- Facilities and Capital Equipment
For each person and area, Sandra suggested that she and Dan work together to identify how to measure and reward success. The recommendation also summarized the benefits to Dan and his company of proceeding immediately.
Sandra then called on her advisor team for expert advice on implementing this recommendation. Sandra had already assembled a group of professional advisors from other disciplines that included a business consultant and a management consultant. She recommended that Dan briefly meet with each advisor immediately to determine how best to quickly address Dan’s #1 headache.
While she used Exit Planning resources, she didn’t suggest to Dan that he should engage in developing an entire Exit Plan. The plan will start to fall into place after you are able to help your business owner clients tackle some of their primary concerns.
- Take time to discover your owner clients’ issues and concerns that may or may not lie outside of your profession’s domain.
- For owners not ready for in depth Exit Planning, initiate a planning relationship based on solving one or two issues at a time.
- Using “recommendations for action” and involving your own panel of outside experts to address an owner’s chief concern keeps planning straightforward.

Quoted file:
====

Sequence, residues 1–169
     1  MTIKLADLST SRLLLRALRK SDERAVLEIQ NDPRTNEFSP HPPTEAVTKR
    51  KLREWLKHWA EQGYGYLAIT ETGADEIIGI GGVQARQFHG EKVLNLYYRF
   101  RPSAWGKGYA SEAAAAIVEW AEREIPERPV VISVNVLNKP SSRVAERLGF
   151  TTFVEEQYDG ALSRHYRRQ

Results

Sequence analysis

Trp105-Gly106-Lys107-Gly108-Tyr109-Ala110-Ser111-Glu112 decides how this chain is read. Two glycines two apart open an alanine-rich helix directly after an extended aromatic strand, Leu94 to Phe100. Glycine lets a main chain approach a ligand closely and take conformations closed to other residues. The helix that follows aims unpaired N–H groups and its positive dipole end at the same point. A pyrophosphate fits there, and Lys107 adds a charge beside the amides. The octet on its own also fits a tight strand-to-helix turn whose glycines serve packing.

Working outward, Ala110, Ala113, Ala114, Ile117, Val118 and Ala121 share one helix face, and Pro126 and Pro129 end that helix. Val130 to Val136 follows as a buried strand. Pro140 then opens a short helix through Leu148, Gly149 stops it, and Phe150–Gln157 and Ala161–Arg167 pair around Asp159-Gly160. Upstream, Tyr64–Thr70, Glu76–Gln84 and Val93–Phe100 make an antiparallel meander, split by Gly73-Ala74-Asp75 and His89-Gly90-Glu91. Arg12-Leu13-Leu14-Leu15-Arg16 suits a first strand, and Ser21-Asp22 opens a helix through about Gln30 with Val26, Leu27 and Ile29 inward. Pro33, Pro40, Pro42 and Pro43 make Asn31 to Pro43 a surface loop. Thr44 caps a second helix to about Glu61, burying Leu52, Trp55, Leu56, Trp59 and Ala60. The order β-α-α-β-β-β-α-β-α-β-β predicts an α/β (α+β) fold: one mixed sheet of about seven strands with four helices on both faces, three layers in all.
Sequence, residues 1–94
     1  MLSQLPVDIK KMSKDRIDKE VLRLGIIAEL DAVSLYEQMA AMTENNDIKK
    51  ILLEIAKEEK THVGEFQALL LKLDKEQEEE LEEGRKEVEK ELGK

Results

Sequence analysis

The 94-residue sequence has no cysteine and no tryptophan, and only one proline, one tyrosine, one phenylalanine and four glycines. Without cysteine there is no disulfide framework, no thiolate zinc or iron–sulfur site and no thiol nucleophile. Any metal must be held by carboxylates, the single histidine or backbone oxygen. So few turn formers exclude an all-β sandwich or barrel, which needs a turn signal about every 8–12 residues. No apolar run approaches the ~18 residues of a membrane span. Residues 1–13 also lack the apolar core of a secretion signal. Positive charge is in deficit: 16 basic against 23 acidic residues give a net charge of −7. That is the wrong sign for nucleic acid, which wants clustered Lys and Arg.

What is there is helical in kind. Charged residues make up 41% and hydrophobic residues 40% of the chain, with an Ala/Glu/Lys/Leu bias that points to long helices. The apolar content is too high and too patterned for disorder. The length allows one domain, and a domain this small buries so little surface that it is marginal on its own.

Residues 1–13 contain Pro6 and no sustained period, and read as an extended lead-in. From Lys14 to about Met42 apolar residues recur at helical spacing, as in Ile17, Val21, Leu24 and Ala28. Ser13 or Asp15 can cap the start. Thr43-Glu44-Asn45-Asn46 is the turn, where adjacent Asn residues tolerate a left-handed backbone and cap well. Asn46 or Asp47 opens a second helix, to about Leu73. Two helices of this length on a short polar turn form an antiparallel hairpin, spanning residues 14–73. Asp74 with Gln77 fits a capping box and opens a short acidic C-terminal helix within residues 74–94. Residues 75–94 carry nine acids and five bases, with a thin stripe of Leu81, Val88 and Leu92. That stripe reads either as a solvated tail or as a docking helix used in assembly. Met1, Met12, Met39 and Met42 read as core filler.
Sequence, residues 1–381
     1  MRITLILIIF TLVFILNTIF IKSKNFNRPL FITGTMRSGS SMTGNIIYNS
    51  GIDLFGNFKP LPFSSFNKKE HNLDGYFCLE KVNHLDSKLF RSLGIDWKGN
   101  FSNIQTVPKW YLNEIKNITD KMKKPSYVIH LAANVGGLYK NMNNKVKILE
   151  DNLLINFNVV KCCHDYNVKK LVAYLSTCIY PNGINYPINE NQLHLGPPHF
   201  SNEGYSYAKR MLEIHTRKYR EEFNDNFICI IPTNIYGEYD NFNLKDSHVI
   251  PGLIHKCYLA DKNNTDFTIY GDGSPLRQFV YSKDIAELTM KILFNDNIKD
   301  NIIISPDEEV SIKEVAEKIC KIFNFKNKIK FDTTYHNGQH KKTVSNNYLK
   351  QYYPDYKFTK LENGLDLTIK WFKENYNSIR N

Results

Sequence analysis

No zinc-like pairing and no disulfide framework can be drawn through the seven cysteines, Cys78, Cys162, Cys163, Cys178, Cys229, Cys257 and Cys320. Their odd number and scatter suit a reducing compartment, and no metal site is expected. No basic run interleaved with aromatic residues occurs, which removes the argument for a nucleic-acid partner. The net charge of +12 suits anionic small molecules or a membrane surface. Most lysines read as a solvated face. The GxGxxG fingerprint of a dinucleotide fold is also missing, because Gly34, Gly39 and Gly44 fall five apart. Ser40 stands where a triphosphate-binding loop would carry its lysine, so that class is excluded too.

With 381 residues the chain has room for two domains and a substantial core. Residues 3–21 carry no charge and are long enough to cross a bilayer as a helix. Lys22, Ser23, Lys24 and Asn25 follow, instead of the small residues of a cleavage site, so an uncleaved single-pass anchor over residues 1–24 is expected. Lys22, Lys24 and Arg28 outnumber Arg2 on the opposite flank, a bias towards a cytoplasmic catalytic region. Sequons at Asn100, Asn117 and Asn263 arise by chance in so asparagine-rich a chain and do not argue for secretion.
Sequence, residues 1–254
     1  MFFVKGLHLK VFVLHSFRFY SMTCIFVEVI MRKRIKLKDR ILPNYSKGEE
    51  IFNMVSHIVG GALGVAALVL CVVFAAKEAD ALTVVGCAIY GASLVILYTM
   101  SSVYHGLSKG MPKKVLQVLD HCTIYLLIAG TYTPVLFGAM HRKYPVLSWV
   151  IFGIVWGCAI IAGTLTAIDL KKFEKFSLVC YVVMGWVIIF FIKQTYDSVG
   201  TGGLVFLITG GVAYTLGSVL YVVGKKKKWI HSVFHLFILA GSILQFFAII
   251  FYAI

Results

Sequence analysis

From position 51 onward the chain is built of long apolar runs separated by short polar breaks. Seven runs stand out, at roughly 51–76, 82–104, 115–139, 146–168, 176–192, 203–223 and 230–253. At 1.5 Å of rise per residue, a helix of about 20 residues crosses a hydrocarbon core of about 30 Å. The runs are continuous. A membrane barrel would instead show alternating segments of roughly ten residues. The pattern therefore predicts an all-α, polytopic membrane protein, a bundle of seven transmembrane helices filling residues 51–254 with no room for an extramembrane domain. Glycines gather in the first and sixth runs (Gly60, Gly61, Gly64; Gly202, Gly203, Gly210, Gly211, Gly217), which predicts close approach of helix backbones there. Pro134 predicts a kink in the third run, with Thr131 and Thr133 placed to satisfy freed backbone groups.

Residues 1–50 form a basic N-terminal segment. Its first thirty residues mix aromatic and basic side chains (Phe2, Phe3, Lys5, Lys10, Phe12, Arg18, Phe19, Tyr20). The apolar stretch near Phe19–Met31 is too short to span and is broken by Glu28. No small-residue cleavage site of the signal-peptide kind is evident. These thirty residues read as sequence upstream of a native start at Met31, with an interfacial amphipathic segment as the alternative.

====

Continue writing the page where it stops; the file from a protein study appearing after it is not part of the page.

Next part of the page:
- By helping Dan solve his #1 headache, Sandra became his “most trusted advisor.”
Submitted by John Brown on Fri, 02/05/2021 - 8:00am
Advisors can be reluctant to raise the topic of business Exit Planning with their clients because many business owners may view the topic as complicated and complex. It’s true there are a lot of moving parts and multiple advisors involved in the creation and implementation of an Exit Plan. It also often requires knowledge beyond one’s core profession.
With all that it entails, planning for a business owner’s future may indeed be premature for you and your practice—especially if you have never engaged in multi-disciplinary business planning.
Is there an alternative to Exit Planning?
Fortunately, there is! The alternative to creating an extensive Exit Plan is to conduct an Annual Planning Meeting. This meeting is beneficial to both you and your clients because it:
Involves you in an owner’s future plans.
Is a gentle introduction to planning for those owners who have never done any form of planning.
Follows the Exit Planning structure to prepare owners for the next steps.
Helps owners become familiar with you and how you work.
Demonstrates to owners the financial and other immediate benefits of planning.
Uses a process which facilitates planning and as world-renowned management consultant W. Edward Deming said, “If you can’t describe what you are doing as a process, you don’t know what you’re doing.”
The Annual Planning Meeting